US v. Cammorto: Cammorto pleaded guilty to violating SORNA by failing to register as a sex offender in Virginia. At sentencing, the district court concluded he was a Tier III offender (the most serious classification under SORNA) and, consequently, that his advisory Guideline range was 33-41 months. At issue was Cammorto's prior conviction in Georgia for rape - he argued that he was convicted only of aiding and abetting and, therefore, should be only a Tier I offender. The court disagreed and imposed a sentence of 41 months in prison.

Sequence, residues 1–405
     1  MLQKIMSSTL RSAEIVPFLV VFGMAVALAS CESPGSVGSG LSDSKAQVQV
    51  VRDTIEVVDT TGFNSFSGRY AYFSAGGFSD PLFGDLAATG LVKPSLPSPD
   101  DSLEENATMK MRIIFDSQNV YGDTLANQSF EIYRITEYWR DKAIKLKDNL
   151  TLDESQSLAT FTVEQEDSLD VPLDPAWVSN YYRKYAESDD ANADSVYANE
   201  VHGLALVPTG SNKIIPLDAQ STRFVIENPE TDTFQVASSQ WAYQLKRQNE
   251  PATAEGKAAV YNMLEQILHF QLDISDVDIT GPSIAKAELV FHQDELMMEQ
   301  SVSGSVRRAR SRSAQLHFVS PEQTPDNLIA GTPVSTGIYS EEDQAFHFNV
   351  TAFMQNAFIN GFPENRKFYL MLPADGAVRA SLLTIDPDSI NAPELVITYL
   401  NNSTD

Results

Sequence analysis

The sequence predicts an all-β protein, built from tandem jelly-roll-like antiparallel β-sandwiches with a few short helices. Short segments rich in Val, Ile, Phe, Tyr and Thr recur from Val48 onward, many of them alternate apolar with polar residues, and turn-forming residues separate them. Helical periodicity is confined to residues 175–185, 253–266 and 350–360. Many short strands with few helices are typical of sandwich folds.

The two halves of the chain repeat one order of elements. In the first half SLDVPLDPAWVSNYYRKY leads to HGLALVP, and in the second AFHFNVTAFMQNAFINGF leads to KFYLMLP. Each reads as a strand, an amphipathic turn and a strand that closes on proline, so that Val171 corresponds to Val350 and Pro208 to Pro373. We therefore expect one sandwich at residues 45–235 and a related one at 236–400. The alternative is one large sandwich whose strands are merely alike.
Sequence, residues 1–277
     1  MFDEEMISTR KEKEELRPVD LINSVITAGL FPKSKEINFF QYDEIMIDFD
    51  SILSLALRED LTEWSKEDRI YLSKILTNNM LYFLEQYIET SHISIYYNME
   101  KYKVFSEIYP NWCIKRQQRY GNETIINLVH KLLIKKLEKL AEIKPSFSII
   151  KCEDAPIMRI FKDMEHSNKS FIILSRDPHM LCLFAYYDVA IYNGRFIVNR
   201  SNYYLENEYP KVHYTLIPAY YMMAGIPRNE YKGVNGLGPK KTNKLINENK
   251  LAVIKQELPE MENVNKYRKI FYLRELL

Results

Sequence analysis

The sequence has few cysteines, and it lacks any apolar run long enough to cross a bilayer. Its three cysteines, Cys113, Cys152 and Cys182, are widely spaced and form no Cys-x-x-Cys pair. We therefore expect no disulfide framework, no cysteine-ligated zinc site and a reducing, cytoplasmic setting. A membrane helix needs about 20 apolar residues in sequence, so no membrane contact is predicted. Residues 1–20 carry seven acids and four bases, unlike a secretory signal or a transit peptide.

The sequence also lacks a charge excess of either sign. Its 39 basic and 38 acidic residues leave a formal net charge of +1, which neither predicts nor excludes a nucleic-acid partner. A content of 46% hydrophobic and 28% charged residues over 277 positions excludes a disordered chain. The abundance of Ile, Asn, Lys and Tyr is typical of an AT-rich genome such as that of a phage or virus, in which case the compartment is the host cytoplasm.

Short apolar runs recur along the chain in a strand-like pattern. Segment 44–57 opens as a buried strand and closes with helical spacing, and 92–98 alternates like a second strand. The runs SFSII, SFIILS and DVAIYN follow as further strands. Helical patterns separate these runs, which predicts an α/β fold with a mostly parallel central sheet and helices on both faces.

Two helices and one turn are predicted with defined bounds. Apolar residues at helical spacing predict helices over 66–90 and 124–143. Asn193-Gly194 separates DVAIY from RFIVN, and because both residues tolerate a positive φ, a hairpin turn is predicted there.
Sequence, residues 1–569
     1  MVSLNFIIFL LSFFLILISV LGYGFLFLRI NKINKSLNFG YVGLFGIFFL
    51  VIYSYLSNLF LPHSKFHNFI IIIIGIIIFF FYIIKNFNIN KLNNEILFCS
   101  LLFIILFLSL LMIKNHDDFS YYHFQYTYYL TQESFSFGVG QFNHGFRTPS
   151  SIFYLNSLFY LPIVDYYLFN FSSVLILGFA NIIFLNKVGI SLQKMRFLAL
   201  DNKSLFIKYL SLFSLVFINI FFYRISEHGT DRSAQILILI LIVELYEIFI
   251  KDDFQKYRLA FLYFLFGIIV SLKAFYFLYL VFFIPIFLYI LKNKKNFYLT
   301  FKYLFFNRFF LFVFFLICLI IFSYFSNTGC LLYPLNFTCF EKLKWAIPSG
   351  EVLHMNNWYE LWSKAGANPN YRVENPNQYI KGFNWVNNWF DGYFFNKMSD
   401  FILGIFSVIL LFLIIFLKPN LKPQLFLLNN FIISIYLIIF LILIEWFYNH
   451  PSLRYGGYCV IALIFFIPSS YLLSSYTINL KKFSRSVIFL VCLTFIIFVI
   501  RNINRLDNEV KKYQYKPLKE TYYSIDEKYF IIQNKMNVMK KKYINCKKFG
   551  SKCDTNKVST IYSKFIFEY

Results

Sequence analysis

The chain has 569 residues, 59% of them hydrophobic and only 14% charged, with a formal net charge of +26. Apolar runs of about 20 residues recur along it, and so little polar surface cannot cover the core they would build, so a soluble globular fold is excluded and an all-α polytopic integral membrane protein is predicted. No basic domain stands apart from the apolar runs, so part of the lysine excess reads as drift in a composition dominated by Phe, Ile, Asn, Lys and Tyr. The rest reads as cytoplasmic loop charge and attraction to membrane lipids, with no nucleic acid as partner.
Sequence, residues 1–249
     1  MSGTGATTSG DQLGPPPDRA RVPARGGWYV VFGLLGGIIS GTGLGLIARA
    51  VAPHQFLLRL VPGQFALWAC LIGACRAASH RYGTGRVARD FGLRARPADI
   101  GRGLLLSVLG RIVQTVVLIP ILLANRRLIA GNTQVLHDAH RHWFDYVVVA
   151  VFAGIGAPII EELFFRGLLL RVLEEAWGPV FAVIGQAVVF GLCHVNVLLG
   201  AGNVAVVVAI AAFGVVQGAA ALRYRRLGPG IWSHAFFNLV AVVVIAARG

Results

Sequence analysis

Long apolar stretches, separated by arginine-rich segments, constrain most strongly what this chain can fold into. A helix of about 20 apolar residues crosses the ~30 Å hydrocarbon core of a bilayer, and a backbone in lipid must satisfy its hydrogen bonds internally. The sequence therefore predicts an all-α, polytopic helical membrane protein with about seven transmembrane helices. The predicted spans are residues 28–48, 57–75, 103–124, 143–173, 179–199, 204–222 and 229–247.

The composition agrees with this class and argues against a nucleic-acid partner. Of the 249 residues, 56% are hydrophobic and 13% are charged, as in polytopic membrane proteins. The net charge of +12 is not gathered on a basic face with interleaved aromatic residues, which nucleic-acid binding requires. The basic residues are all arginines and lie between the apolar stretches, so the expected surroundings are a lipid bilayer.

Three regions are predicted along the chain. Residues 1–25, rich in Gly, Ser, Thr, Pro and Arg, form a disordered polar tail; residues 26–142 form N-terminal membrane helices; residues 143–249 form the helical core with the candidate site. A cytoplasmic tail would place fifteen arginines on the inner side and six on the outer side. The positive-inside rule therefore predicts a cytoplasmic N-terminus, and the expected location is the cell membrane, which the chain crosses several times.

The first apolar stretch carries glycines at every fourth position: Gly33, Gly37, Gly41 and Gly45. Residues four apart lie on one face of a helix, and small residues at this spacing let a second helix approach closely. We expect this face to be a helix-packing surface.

On appeal, the Fourth Circuit affirmed Cammorto's sentence. Cammorto argued that because Georgia law allowed a person "who never even touched the victim" to be convicted of rape as an aider and abetter, that offense was broader than the federal offense of aggravated sexual abuse and, therefore, could not count as a Tier III offense. Applying the categorical approach, the court concluded that it was "readily apparent . . . that the Georgia rape statute is narrower than the federal offense." That the a person can be convicted as a principal under Georgia law as an aider and abetter was irrelevant because "under federal law, aiders and abetters are also treated as principals." The court also rejected Cammorto's argument (raised for the first time at oral argument) that Georgia's aiding and abetting standard is broader than the federal one.